Oregon trip, Day 5.
After two wonderful days of kayaking, swimming and hammocking on Big Lava Lake, we hit the road again, this time to Belknap Hot springs. On the map they look pretty close to our camp, but due to the rugged mountainous terrain there is no straight road, so we had to drive to Bend first and then take road 20 through the Sisters and to the McKenzie River valley.
It was farmers’ market day in Bend, so of course we got some tasty goods for everyone, as well as a good cup of coffee! Looney Bean coffee house has a spacious garden overlooking the river for outdoor seating.
Our next stop is Sahalie Falls on McKenzie river. There is a viewing platform within a couple minutes of walking from the parking lot equipped with restrooms. Those 30 m (100 ft) falls are gorgeous and powerful!
Some 20 minutes more drive and we arriving to Belknap Hot springs. The resort offers different kinds of lodging: a three-floor lodge with 18 rooms, separate cabins, RV and tent camping. When we planned our trip, all the tent spots were taken, so we booked a room in the lodge and our friends booked a cabin. Both options are good, however the cabins are definitely more comfortable with more space, a full kitchen, fireplace and outdoor fire pit and picnic table.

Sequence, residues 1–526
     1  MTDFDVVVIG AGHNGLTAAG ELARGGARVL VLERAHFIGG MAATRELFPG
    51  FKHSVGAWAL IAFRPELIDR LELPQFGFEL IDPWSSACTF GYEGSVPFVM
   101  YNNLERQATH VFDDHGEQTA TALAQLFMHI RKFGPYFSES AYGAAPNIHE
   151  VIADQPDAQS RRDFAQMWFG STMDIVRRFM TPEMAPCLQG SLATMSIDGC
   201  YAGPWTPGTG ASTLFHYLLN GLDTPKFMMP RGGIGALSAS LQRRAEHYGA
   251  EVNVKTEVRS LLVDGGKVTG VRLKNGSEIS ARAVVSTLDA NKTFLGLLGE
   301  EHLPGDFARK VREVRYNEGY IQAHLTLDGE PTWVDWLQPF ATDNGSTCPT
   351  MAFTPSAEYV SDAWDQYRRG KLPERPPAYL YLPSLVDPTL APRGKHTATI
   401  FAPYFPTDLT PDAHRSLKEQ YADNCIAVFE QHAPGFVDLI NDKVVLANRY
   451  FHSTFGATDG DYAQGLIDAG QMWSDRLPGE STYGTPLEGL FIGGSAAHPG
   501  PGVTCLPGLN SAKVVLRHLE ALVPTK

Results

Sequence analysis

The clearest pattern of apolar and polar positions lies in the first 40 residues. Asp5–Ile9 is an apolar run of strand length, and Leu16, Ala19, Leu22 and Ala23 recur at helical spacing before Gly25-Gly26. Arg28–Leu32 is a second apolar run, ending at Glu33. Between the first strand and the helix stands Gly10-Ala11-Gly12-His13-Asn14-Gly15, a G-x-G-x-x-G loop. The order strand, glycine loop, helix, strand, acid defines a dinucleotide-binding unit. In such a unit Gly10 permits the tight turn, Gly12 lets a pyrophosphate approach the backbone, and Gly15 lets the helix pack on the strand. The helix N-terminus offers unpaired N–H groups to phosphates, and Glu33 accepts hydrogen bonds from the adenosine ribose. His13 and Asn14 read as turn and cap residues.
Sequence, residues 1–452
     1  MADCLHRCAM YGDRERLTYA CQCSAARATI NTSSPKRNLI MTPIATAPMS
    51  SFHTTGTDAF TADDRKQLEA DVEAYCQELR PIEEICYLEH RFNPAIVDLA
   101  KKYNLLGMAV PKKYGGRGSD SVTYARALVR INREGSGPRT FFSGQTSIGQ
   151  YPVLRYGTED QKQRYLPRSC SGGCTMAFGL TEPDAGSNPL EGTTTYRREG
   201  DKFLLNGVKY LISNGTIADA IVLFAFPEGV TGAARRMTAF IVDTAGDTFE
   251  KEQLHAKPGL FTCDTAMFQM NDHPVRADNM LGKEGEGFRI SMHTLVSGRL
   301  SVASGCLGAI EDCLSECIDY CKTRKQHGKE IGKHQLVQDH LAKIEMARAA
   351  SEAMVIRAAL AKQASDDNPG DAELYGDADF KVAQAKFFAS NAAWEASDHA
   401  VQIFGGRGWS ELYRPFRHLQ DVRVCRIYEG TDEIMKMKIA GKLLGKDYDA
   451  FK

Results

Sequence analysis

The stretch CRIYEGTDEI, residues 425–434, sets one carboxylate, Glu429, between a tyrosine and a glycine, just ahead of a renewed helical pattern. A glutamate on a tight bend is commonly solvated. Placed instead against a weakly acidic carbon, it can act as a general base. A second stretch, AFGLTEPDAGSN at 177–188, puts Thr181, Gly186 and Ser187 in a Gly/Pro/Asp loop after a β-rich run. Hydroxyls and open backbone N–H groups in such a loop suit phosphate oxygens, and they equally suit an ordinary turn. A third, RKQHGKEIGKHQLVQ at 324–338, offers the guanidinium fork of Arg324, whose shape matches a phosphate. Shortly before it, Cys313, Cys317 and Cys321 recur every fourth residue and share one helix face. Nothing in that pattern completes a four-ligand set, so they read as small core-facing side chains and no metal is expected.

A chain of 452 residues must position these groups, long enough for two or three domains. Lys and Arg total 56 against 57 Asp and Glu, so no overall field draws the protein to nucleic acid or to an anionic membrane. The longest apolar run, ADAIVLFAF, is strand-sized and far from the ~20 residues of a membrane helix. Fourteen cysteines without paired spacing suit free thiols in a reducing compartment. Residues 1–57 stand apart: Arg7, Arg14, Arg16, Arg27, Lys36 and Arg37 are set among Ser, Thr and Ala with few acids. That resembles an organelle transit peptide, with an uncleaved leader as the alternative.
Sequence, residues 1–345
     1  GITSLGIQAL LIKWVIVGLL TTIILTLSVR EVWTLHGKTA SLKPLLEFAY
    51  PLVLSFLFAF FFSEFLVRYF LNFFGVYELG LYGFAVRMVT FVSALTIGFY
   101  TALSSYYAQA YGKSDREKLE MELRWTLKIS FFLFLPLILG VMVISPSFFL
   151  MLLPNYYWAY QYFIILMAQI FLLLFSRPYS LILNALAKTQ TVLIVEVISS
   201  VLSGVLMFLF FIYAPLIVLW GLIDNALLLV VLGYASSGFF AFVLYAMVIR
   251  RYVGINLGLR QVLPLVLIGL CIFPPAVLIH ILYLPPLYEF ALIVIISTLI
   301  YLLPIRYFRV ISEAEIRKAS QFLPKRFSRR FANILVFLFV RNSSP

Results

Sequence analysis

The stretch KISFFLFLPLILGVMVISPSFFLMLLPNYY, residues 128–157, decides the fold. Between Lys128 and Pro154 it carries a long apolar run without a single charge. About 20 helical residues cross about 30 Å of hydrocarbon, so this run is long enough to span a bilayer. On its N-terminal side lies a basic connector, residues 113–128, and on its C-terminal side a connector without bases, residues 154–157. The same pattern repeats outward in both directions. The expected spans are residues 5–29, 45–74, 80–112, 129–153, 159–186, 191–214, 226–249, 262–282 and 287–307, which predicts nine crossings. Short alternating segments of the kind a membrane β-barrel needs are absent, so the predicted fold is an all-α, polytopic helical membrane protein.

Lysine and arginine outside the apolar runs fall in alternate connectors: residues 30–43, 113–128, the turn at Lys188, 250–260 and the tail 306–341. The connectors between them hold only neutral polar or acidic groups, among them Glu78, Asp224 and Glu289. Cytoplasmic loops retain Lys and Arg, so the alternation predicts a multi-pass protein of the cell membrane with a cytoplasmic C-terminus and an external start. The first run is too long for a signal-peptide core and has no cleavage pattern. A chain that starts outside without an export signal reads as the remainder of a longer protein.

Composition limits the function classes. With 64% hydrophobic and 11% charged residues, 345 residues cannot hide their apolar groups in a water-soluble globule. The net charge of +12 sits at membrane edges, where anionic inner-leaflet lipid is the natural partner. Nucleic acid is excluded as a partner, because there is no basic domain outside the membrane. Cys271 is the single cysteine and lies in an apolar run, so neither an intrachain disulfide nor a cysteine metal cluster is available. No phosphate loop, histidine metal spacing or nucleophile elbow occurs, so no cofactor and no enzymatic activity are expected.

There are two mineral hot pools, both are 103°F: the upper and lower pools. The upper pool is a bit smaller and better shaded. Because of the pandemic its use restricted the max to 25 people at any given time. You have to sign up for a certain one-hour time slot at the reception desk. The lower pool is right outside the main lodge, is larger (and thus does not have a limit on the amount of people), and you can use it anytime between 9 a.m. and 9 p.m. There is a bridge to the other side of McKenzie river with a nature trail to the left, and tent camping, three cabins, and the local garden to the right.
For those not staying in a resort, they sell day passes to the pools for a modest $8 a day.
Keep in mind that you'll be experiencing a true digital detox: there is no cellular connection on the resort grounds. There is still a landline at the reception for emergency calls though.
Overall, despite of being somewhat outdated, it’s a nice place. The rustic lodge with 18 rooms was built in the 1870-s! The resort has operated continuously since it was first developed in the nineteen century with the exception of a ten-year break from 1968-1978, and most of the time it was owned by one family.